Definition of Skiving
Skiving is the process of thinning the thickness of leather. It's done by removing the underside of the leather using a special tool called a skiving knife or a leather plane.
Skiving thins leather in specific areas where it's too thick or where it needs to be flexible. The process creates a seamless finish on leather edges, such as on belts or straps, wallets and card holders.
The smooth and seamless edges created are important for both aesthetics and functionality, as rough edges fray over time.
Skiving also adds dimension and depth to leather products by creating areas of varying thickness.
To skive leather by hand, dry leather is held in place with a clamp, then a line is marked where the thinning will begin. With the knife’s edge facing away from the artisan, smooth and consistent motions are applied to thin out the leather.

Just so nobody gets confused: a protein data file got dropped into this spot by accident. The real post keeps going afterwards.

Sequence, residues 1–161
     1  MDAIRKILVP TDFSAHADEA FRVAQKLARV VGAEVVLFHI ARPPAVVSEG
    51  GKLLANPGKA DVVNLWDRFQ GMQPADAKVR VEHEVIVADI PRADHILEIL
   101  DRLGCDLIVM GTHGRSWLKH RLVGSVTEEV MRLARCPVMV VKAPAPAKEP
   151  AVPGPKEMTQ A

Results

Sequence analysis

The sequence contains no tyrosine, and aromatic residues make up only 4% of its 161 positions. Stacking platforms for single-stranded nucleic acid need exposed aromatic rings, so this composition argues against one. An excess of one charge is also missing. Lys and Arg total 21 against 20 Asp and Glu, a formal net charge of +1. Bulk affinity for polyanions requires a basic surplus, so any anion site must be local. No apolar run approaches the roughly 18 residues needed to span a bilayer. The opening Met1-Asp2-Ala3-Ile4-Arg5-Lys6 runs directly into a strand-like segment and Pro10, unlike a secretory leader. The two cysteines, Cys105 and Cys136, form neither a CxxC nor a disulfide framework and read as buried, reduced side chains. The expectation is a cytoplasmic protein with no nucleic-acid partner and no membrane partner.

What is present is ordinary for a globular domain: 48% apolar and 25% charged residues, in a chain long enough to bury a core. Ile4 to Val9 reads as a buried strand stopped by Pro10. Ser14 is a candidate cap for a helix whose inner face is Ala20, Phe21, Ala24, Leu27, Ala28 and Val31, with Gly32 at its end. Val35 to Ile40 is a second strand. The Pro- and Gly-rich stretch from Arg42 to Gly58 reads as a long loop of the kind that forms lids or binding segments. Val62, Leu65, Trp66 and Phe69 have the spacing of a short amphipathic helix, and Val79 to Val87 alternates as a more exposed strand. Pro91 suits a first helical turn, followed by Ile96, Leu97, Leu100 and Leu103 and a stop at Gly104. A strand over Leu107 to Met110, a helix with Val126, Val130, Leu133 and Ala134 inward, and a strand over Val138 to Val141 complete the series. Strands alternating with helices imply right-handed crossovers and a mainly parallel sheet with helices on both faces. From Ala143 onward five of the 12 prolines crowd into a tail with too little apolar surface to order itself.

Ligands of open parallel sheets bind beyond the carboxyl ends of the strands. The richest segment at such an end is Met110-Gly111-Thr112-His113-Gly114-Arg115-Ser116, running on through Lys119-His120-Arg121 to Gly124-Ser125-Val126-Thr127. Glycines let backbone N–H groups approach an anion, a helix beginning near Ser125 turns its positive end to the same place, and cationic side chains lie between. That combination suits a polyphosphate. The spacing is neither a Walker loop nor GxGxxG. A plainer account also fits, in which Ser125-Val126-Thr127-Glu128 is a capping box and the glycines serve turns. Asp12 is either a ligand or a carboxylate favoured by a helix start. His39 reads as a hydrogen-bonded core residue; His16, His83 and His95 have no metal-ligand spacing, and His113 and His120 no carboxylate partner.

If using a machine, a conveyor belt guides the leather through a thinning blade where it’s thinned. Such machines can be manual or electric.
While hand skiving is a time-consuming process that requires a high level of skill and precision, it allows for more control and results in a higher quality finished product than using a machine.
The table below highlights various leather products where skiving is commonly applied.
|Skiving creates smooth and seamless edges, enhancing the appearance and fit
|Prevents fraying, improved comfort
|Skived edges provide a refined finish and prevent fraying over time
|Increased durability, professional look
|Skiving ensures thin, flexible compartments for easy card insertion and removal
|Enhanced functionality, slim design
|Skiving allows for flexibility in critical areas, such as shoe uppers.
|Better movement, improved comfort
|Skived edges result in a sleek and comfortable fit around the wrist
|Enhanced aesthetics, reduced bulkiness
Example of Skiving in a sentence
“Skiving leather is an important skill you should learn if you’re interested in leatherwork.”
Thinning, paring, chamfering.
Related terms for Skiving